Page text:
Watching the World Cup as a queer Ethiopian 

I am a football fan who has always closely followed the World Cup. I am often glued to the TV, forgoing any social (and sometimes) work-related obligations to watch as many games as possible. I rate my teams from one to five and watch as each progresses or fails to progress to the next stage. Whatever other teams I support, the African teams that make it are my favorites. Hearing the name Luis Suarez, for example, leads me to seize in regret for his handball that potentially prevented Ghana from going into the quarterfinals in 2010.

I pay attention to the World Cup, and it is something that I look forward to every four years. This year has been made special with the historic progression of an African team to the quarterfinals. I watched the Morocco game with a young family member, and we jumped in joy as we watched them play with heart, pride, and dedication. I felt the elation in Casablanca and Marrakech as if it were in Addis Ababa. They made all of us Africans proud because I view their success as one that belongs to all of us Africans.

This year, however, unlike previous years, I have not been able to lose myself in the World Cup. I am carrying a sense of guilt and disappointment even as I watch the games. As a queer woman in Ethiopia, watching the World Cup in Qatar is a constant reminder of state sanctioned homophobia and transphobia. Qatar has not been shy about openly expressing its distaste for all things queer. That by itself is to be expected since being gay is illegal in Qatar and is punishable by a prison sentence or even death. Trans women can be arrested for the crime of “impersonating a woman” and can be forced to detransition. This can involve forced surgery to remove breasts, and being sent to “behavioral health centers” where conversion therapy is imposed. The fact that what the law says for “female homosexuality” is not easily found is also indicative of the sexism in the country.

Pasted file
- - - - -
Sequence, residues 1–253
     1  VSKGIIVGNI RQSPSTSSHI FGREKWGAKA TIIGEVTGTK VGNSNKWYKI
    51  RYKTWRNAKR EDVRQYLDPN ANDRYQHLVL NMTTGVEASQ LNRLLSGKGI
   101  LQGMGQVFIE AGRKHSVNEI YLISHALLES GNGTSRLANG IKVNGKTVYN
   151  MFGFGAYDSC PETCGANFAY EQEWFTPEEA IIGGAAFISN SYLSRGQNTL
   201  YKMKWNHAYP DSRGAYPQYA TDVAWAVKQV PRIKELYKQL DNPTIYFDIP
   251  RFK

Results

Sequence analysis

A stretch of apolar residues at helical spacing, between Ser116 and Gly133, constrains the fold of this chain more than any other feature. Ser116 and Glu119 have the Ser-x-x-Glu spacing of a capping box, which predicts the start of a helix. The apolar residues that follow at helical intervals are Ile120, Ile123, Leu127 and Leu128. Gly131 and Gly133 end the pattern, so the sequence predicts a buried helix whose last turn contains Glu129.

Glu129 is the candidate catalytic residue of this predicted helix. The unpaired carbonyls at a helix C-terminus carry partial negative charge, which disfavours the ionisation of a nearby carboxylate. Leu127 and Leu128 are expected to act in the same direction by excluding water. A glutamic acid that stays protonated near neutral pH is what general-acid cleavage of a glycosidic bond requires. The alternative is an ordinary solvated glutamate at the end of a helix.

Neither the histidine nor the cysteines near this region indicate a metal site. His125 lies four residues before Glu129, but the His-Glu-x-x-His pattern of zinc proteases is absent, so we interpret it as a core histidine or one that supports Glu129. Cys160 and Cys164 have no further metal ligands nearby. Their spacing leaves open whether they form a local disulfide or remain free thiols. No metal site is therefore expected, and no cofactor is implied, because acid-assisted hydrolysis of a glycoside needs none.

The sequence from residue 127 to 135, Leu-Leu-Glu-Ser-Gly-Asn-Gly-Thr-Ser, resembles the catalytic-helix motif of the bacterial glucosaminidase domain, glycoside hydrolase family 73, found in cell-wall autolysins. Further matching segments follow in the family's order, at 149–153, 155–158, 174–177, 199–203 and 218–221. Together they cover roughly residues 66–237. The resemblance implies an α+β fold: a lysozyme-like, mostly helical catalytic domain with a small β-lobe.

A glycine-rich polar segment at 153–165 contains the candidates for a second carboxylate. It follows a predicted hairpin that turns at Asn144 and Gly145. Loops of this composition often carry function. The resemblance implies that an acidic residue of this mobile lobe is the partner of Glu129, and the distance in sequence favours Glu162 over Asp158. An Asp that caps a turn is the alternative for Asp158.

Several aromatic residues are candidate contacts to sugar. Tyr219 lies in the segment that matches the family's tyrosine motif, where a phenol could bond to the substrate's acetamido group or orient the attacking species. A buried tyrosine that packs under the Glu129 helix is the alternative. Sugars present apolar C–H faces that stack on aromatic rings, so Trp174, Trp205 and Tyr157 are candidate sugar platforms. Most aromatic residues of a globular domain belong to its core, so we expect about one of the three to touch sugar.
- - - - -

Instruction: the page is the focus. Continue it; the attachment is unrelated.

Given these facts, I did not expect Qatar to become queer friendly overnight. I, however, expected Western nations and institutions to stand up to Qatar. It was odd to see them bend backwards to accommodate Qatar’s homophobia and transphobia. A good example of this is FIFA’s banning of the LGBTQ rainbow OneLove armband that captains of some European teams wanted to wear to show their support. FIFA imposed a yellow card that would be issued to anyone who wore the armbands. The disappointment was exacerbated when FIFA president Gianni Infantino advised all of us to concentrate on the football field, as if human rights were a trivial issue. I expected more from FIFA and the world.

The treatment of queer people and the abuse migrant workers face in Qatar, along with the process by which the World Cup was given to Qatar, made enjoying this World Cup difficult.

I wanted to celebrate Morocco’s victory. It is a victory for Africa. But yet, I can’t focus on just the pitch. And the World Cup has meant a bit less this year because of it.

2 thoughts on “Watching the World Cup as a queer Ethiopian ”

  1. በተለይ አብሮ ከሜኖሮ ቢሆን ደስ ይለኛል ሌዚ ውስ ጤነው

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